Jewish Museum Exhibit Explores the History of an Author and Looted Holocaust Property
Fans of the best-selling book “The Hare with Amber Eyes” by Edmund de Waal, have just under a month left to see the compelling and historical exhibit at The Jewish Museum. The exhibition, which recreates de Waal’s journey of his Jewish Ephrussi family, opened back in December and runs through May 15.
The well-designed show traces the family’s rise to prominence in the first half of the 19th century, when they became one of the most influential Jewish families in Europe, to World War ll, when they lost their fortune and art collections to the Nazis.
At the centerpiece of the displays, featured in glass cases, are a collection of Japanese netsuke — 168 pieces of miniature carved ivory and wooden sculptures from the Edo period (17th-19th centuries.)
The assemblage of art and artifacts include paintings by Jean-Honore Fragonard, Edgar Degas, Auguste Renoir, Claude Monet, Berthe Morisot, and Gustave Moreau. Also seen throughout the galleries are old family photos as well as recent ones, which include the Ephrussis’ grand former residences in Vienna and Paris. There’s also handwritten letters and documents on display, including the marriage certificate of Ignace von Ephrussi and Emilie Porges in Vienna in 1858, and a page from an Austrian export permit issued to Viktor Ephrussi in 1950.
Edmund de Waal first discovered his family’s netsuke when he was a teenager visiting his great uncle, Iggie Ephrussi, in Tokyo. He inherited the collection 20 years later and that led him to write his book, “The Hare with Amber Eyes.”
The Ephrussi family includes prestigious figures from European history who were distinguished financiers, bankers, art collectors and patrons, writers, publishers, and artists. Charles Joachim Ephrussi, the patriarch (1793-1864), earned his fortune as a grain distributor in Odessa. His offspring and their families made their mark throughout the capitals of Europe.
Being a prominent Jewish family in Europe, the Ephrussis were victims of antisemitism. During World War ll, family members managed to escape to England, the United States, and Mexico, but the Nazis stole most of their property. In 1938, the Gestapo arrested Viktor Ephurssi, Edmund’s great grandfather, along with his son, Rudolf. To avoid being sent to a concentration camp, Viktor signed away his assets, homes, art, furniture, jewelry, and more. Their palace was then occupied by the Nazis. Viktor managed to reach England in 1939. Iggie was living in America and Rudolf joined him in 1939. (Among the documents on display, is the first page of the Gestapo inventory of the Ephrussi collections).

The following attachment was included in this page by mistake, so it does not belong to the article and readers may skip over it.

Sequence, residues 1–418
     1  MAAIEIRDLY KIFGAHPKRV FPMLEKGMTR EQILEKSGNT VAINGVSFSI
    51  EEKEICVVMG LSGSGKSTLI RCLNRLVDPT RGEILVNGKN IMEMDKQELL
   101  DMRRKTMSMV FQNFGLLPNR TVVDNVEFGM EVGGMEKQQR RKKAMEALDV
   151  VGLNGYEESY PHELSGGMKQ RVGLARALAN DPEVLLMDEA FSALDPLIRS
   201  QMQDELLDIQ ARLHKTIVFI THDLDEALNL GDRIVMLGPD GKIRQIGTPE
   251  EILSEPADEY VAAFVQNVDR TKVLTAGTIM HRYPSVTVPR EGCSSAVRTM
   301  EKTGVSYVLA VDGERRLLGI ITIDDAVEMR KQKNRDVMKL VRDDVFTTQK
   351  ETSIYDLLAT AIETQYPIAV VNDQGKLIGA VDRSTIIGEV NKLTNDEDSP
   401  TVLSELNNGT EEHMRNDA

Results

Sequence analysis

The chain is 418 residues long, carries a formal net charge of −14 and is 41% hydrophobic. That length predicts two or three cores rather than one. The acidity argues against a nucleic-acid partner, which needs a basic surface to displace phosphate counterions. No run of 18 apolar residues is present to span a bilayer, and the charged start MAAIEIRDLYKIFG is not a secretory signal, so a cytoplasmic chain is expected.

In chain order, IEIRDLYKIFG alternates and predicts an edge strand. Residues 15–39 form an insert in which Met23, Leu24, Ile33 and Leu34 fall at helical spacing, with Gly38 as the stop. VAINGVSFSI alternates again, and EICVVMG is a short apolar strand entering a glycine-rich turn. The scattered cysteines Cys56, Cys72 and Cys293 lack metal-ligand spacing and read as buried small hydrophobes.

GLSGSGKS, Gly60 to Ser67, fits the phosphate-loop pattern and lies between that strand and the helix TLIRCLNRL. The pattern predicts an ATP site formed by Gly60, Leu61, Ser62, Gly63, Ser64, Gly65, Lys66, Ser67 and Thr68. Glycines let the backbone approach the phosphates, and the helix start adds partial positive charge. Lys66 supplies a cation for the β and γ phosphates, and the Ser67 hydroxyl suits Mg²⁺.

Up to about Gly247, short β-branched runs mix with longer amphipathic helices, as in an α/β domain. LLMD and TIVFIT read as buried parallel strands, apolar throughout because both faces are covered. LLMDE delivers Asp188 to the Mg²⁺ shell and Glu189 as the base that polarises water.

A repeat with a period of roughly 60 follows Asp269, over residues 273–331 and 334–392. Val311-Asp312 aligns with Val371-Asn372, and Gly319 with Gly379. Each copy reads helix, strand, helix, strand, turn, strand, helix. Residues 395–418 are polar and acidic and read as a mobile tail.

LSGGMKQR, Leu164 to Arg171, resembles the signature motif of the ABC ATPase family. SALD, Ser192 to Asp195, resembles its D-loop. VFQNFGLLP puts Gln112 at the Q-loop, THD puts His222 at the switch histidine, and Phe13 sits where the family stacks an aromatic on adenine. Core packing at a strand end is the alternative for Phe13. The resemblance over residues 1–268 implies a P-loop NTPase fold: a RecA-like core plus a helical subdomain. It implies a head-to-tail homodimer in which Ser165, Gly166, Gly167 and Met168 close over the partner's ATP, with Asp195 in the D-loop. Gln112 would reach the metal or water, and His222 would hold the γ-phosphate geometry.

After the war, the family was able to trace works of art from the family’s collection. But many works belonging to the Viennese Ephrussis have never been returned.
Visitors to the exhibit can get a tour of the collections room by room, with the use of headphones, listening to de Waal himself narrating. A video of de Waal reading can also be seen in one of the rooms.
The Jewish Museum is closed on Tuesday and Wednesday. Because of Covid restrictions and safety, tickets are timed to avoid large crowds. Masks are required. www.TheJewishMuseum.org.
Alice Burdick Schweiger is a freelance writer based in New York City. She has written for numerous magazines including Good Housekeeping, Woman’s Day, Family Circle, Be Well, Emmy, ASU Travel Guide, and Grand Magazine. She has also written for various Jewish newspapers and co-authored a book with Laura and Jennifer Berman.